Population-wide emergence of antiviral resistance during pandemic influenza.

Moghadas SM, Bowman CS, Röst G, Wu J - PLoS ONE (2008)

The effect of changing treatment level during a pandemic on the total number of clinical infections caused by all strains, with .Simulations were seeded with an initial treatment level of (a) 85%; (b) 78% (optimal level); (c) 50%; (d) 25%, and then changed to the level shown on the horizontal axis at the time displayed on the vertical axis (corresponding to the time-course of the epidemic). The color bars illustrate the total number of clinical cases due to all strains, relative to that generated when the optimal constant treatment level (78% in this case) is implemented.
© Copyright Policy
Related In: Results  -  Collection

Show All Figures
getmorefigures.php?uid=PMC2266801&req=5

pone-0001839-g005: The effect of changing treatment level during a pandemic on the total number of clinical infections caused by all strains, with .Simulations were seeded with an initial treatment level of (a) 85%; (b) 78% (optimal level); (c) 50%; (d) 25%, and then changed to the level shown on the horizontal axis at the time displayed on the vertical axis (corresponding to the time-course of the epidemic). The color bars illustrate the total number of clinical cases due to all strains, relative to that generated when the optimal constant treatment level (78% in this case) is implemented.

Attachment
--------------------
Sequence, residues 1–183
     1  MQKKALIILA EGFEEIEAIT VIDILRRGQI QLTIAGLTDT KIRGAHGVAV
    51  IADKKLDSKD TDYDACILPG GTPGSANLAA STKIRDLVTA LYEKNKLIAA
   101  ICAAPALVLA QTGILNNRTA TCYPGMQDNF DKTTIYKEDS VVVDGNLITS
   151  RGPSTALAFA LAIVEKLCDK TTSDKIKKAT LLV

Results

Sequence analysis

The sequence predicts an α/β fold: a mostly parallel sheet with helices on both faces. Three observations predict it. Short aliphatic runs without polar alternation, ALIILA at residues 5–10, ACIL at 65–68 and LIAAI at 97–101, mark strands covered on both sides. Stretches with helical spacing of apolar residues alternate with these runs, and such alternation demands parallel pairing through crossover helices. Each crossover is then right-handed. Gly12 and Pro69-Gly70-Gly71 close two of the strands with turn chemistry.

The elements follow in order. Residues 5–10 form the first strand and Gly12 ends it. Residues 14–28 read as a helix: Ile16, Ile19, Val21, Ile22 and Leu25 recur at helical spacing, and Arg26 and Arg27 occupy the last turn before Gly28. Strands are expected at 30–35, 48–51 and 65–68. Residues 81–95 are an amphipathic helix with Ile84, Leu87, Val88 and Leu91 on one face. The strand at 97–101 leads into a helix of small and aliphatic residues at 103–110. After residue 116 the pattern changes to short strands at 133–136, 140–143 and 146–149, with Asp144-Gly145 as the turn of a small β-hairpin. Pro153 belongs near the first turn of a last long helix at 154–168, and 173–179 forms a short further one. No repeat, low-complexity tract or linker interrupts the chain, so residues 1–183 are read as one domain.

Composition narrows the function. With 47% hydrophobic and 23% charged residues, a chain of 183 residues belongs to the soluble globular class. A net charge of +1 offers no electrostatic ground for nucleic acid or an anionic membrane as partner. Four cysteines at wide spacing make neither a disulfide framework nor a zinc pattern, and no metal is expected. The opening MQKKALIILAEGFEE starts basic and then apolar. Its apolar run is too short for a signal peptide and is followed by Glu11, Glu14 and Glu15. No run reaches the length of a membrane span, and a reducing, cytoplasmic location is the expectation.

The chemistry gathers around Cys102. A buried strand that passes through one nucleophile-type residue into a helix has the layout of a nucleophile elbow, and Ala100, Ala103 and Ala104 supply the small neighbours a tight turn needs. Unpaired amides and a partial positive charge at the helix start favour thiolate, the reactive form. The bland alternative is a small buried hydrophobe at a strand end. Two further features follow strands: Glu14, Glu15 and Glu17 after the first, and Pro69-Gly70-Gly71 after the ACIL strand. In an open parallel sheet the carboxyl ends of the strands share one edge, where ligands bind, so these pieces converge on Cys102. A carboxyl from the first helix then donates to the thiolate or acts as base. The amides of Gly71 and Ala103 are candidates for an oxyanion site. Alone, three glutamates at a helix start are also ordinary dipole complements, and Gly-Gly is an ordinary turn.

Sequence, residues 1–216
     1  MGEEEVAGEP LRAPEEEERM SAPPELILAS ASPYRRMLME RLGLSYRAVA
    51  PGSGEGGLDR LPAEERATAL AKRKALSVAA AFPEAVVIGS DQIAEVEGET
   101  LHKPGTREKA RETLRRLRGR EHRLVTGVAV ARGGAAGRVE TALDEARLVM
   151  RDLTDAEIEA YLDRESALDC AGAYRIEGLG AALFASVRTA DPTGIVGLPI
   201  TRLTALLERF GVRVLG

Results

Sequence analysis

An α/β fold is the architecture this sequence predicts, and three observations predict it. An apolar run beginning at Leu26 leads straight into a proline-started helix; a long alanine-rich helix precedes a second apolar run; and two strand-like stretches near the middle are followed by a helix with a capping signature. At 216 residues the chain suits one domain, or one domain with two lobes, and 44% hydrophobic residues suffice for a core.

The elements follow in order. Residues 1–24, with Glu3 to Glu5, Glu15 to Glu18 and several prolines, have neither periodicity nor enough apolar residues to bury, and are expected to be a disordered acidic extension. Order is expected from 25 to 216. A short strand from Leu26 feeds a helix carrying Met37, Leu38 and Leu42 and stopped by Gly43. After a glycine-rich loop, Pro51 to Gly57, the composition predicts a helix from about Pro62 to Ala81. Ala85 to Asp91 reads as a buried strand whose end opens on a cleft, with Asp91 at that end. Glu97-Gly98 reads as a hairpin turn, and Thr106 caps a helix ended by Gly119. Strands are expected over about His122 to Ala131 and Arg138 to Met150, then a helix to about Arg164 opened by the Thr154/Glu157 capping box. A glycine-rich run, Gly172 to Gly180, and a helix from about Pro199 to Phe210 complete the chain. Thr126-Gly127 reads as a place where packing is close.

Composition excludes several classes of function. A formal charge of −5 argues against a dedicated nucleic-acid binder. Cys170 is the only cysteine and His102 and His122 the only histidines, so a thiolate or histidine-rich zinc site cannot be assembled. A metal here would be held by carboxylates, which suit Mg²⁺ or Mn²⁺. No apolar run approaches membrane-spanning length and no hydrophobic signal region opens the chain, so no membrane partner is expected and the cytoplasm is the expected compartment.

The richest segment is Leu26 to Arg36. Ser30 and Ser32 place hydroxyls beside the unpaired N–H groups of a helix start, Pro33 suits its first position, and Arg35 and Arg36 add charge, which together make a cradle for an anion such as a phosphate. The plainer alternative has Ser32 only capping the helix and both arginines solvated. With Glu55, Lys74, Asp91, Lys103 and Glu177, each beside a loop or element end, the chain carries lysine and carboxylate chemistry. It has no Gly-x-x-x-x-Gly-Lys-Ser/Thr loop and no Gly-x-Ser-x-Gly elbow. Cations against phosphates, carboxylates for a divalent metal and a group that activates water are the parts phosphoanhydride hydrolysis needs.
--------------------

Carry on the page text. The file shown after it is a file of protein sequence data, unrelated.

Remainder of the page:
Mentions: In the event of emerging drug-resistance, it has been suggested [1] that reducing treatment levels may permit the wild-type to outcompete the resistant strains due to its greater fitness, thereby preventing large resistant outbreaks. To investigate this strategy, we modified the model to allow for changing the population−level of treatment at a specified time (t*) during a pandemic. We define T as the total number of clinical infections when an antiviral strategy with varying level of treatment is implemented, and let Tc be the total number of clinical infections when treatment is maintained at the optimal constant level. The ratio T/Tc provides a criterion for identifying effective strategies for controlling the spread of disease. Assuming , we simulated the model when antiviral treatment is initiated at an 85% level (above the corresponding optimal constant level 78%). The results show that the final size of infections may be reduced only if treatment is scaled down to the optimal level during the early stages of the pandemic (Figures 5a), before outbreaks of compensated mutants can occur (Figure 6a). Further simulations (Figure 5b) with a 78% initial treatment level indicate that reducing antiviral use, at any time during a pandemic, below the optimal level would increase the number of clinical infections (T/Tc>1), suggesting that antiviral therapy at the optimal constant level will be more effective in mitigating a pandemic, and preventing resistant outbreaks (Figure 6b). However, the final size of a pandemic may be slightly reduced if the supply of drugs can afford a significant increase in the level of treatment at a later stage during the outbreak.